SHESPEAKS Your Power to Influence

The New Normal

The New Normal

I posted on my blog the other day about my worries raising a child with autism, and a fellow "autism mom" responded to my desire for my child to live a normal life with these words:

"Maybe we ARE the new norm!"

With an average of 1 in 110 children being diagnosed with autism,* and a new study by Academic Pediatrics that an estimated 43% of have a chronic health condition, I cannot help but agree. Locally, a significant percentage of kids in both my daughter's school and my church have autism.  To me, it's apparent: the rise in disabilities has created a new normal.  If that's true, what do you need to know to parent your kids alongside disabled kids?  Here are a few ideas that will help you get a handle on it:

  1. School inclusion is here to stay. I hear parents complain about disabled kids being integrated into regular school classes and it saddens me. While 100% full inclusion may not be for every child, integrating children with disabilities as much as possible not only helps them, it increases awareness and tolerance in typically developing children.  When my daughter with Down syndrome moved from a segregated "autism classroom" (a disability she does not have) to a mostly-inclusive grade class, her life changed. Not only did she gain friends and become an integral part of her classroom community, her academic skills improved a great deal.  We ended the year with many of the parents telling me their kids were worried that they wouldn't be in Amelia's homeroom next year.  I'd call that proof that inclusion works.
  2. No apologies. Today when I took my younger daughter to speech therapy, a parent who's child obviously had sensory processing problems apologized to me for her child. I was surprised that this otherwise totally-together mom felt any need to comment, especially when my daughter has the same problems.  If you have a child with a condition or disability, STOP apologizing.  You teach others how to treat you and if you apologize for their standard behavior, you are telling others that it is somehow "wrong".  It's not, it's just who they are. Accept your child as he or she is 100%, and embrace them as who they were created to be.  If you don't have a child with a disability, don't apologize for your child's curiosity when they ask about my child.  It provides a learning opportunity and I don't mind answering questions that will help your family understand mine.  And don't expect an apology when my kid is being who she is.  Instead, learn to:
  3. Embrace the differences.  Everyone is unique and I believe we all are on this Earth for a reason.  Don't discount disabled kids.  Let's work together to teach all our kids tolerance so that every child's purpose can shine through.  Empower children to accept who they are right now.  My daughter's school opened a program whereby they assigned each student a pen-pal who is a disabled adult living in a facility.  I was thrilled to see my disabled daughter help another person with a disability.  It  has taught  her to accept the differences she sees in other people better than just words alone.  Get involved with programs that let your kids experience all that people with disabilities have to offer.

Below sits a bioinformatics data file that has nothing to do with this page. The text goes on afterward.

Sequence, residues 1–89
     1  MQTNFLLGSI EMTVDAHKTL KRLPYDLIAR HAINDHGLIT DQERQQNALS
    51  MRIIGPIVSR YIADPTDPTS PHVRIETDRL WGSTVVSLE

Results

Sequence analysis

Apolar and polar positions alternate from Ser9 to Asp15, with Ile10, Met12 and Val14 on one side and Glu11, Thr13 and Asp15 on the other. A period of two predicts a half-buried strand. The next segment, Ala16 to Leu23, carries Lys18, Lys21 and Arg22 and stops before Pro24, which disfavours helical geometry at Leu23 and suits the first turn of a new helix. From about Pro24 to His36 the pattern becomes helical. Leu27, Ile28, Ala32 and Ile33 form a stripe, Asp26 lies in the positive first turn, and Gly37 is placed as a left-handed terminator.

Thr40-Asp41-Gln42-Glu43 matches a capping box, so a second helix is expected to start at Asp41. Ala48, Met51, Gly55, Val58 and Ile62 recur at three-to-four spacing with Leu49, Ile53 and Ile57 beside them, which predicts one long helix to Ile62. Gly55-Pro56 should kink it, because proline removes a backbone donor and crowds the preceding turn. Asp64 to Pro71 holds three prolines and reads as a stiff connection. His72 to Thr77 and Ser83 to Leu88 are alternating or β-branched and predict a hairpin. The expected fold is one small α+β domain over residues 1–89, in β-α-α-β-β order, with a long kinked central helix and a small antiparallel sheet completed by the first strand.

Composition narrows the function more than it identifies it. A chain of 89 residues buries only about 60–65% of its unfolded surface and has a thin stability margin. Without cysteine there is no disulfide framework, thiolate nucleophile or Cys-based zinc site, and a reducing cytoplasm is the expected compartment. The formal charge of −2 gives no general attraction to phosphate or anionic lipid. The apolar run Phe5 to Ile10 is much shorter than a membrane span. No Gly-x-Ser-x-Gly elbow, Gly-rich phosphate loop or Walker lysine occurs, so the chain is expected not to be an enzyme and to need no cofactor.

Having disabled children has taught me that we are all just flawed humans trying to make it in this world.  As the group of people with special needs grows, we parents need to open our minds and hearts to their existence. If we do that, we can build a culture where everyone fits in, contributes, and is valued.  What could be better than that?

*Source: CDC, Autism Data

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  • lauralee By lauralee
    07.27.11  

    Love this article. My daughters have had kids with speech delays in their classes at preschool. My highly verbal daughter loved to play with one of her friends who left for a specialized school. I know his progress has been quicker there but I hope they meet up again in kindergarten if we can't make playdates happen in the meantime. She misses him. A couple of my nephews have had learning issues but have stayed in mainstream settings with specialized help and are prospering.

  • ginabad By ginabad
    07.27.11  

    Thanks, Lauralee. We still struggle with how to keep & maintain friends over the summer, or how to help our kids even make friends. My older girl is a social butterfly, though. Good luck to you!

  • nmcdon By nmcdon
    07.27.11  

    Wonderful article. I never thought about not apologizing, but it makes total sense. It took me awhile to not be upset when people asked what was wrong with my son. I don't see anything as 'wrong' with him, just different. In my eyes, he is so perfect, and I forgot that he has super thick glasses and a helmet.

  • ginabad By ginabad
    07.29.11  

    nmcdon, Actually I think everyone is "different". We put way too much emphasis on fitting in, and that can kill our dreams and crush our creativity. When my 8yo was little, I brought her to special needs daycare. I ran into another mother who looked at me terrified and said, "There's nothing wrong with my son. He just has a speech problem." I wish I had said, "There's nothing wrong with my daughter either. She has Down syndrome."

  • Bryelee By Bryelee
    10.04.11  

    My problem about inclusion is when it isn't working for the child and no changes are mad. I think you need to do what is best for the child and too many schools are more worried about what's best for them. As for the apologizing mom are you sure she wasn't trying to say something else? That has happened to me before where the staff wasn't listening or misunderstood something I said and commented anyway. Otherwise good article.

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